Sharepoint 2010 : Using InfoPath 2010 to Create Electronic Forms (part 1) - Creating an InfoPath Form

1/5/2014 8:27:33 PM
When you create a new item in SharePoint, you are provided with a form that enables you to enter data into the associated list. Sometimes, however, the default SharePoint forms are not sufficient for capturing data in a complete way because you may need to look up information from other sources, make one choice field be dependent on another, and so on. In addition, users may be used to filling out paper-based forms, so you might want to make a form that behaves like the paper form. For example, you may want to enable job applicants to fill out a fairly complex application form.

So do you really need electronic forms? In most cases, organizations are using SharePoint lists, Word documents, or Excel worksheets. But a real form package gives you rich design, validation, prepopulation of information, multiple roles, digital signatures, and rich security. Take a look at this list of common issues and see if any of these sound familiar:

  • In your existing forms-submission process, do you have challenges around incomplete, inaccurate, or lost information? Do you face challenges around locating that information? Does it take too long for information to make it to its final destination(s)? Forms can drive business processes so that these issues are minimized or eliminated, validating the data by checking it as the user is supplying it.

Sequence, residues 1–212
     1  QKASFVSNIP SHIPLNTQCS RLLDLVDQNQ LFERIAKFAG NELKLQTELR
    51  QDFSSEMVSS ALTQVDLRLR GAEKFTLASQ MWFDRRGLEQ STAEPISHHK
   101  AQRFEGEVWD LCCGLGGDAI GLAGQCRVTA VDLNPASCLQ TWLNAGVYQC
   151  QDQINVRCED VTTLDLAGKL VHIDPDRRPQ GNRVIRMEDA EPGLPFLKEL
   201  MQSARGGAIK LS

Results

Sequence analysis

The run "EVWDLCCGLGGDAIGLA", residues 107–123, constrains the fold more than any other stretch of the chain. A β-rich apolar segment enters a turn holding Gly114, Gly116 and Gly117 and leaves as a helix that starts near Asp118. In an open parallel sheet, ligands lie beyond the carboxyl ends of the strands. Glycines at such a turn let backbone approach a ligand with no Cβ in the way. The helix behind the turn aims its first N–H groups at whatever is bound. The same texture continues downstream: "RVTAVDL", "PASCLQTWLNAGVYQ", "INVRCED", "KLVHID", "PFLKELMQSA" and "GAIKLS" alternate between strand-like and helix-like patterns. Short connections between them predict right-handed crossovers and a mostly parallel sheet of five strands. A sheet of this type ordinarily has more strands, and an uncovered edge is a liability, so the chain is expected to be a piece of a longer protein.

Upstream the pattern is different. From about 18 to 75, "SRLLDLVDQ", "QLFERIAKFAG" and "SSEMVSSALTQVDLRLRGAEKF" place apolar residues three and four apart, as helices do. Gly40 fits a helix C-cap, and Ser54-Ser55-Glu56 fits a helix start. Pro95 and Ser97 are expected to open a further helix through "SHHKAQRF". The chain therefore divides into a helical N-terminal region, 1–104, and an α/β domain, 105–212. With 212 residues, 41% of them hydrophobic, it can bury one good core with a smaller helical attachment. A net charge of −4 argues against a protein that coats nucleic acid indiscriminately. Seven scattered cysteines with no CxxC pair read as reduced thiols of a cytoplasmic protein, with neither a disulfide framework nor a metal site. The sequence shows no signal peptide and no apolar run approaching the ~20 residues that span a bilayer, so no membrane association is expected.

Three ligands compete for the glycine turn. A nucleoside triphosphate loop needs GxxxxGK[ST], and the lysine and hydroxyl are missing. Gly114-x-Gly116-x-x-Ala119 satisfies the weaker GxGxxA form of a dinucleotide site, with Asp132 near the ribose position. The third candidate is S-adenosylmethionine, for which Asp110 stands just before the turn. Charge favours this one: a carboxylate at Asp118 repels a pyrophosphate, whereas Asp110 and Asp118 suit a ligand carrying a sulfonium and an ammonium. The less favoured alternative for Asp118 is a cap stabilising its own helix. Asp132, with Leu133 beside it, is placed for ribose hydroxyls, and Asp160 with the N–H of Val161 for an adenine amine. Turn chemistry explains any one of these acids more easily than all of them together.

• Are your users overwhelmed with the number of business processes or sources of information that exist within your company? Electronic information capture helps streamline the complex processes sitting behind forms.

  • Are people filling out paper forms that need to be rekeyed? Electronic forms capture data at the source.

If you are experiencing any of these issues, you’re probably a good candidate for capturing information via an electronic form. InfoPath 2010 is Microsoft’s offering for electronic forms creation and use. In this section, we describe the process of using an InfoPath-based electronic form with SharePoint. We focus not on the technical details of InfoPath, but rather the key integration points with SharePoint.


The example in this section requires all users (and the form designer) to have InfoPath 2010 to fill out a form. If you elect to use browser-based forms created with InfoPath (described in the next section), you’ll need SharePoint Server 2010 Enterprise.

1. Introduction to InfoPath

InfoPath 2010 is a client application that lets you visually design forms using layout tables and controls for gathering data such as text boxes, choice fields, buttons, and so on. In addition to quickly formatting a form, InfoPath allows you to connect the form to various data sources such as a database or a SharePoint list. The interface provides a lot of wizard functionality for tasks such as submitting the form, but InfoPath also provides for full customization using Visual Studio Tools for Applications.

Figure 1 shows the home page for InfoPath 2010. From the home page you can select from a variety of templates to get started or choose to design your own. While InfoPath is used to design the templates, it’s also used to fill in the forms built from these templates.

Figure 1. The InfoPath home page allows you to select from existing templates, or you can design your own from scratch

An InfoPath form can be used in two ways: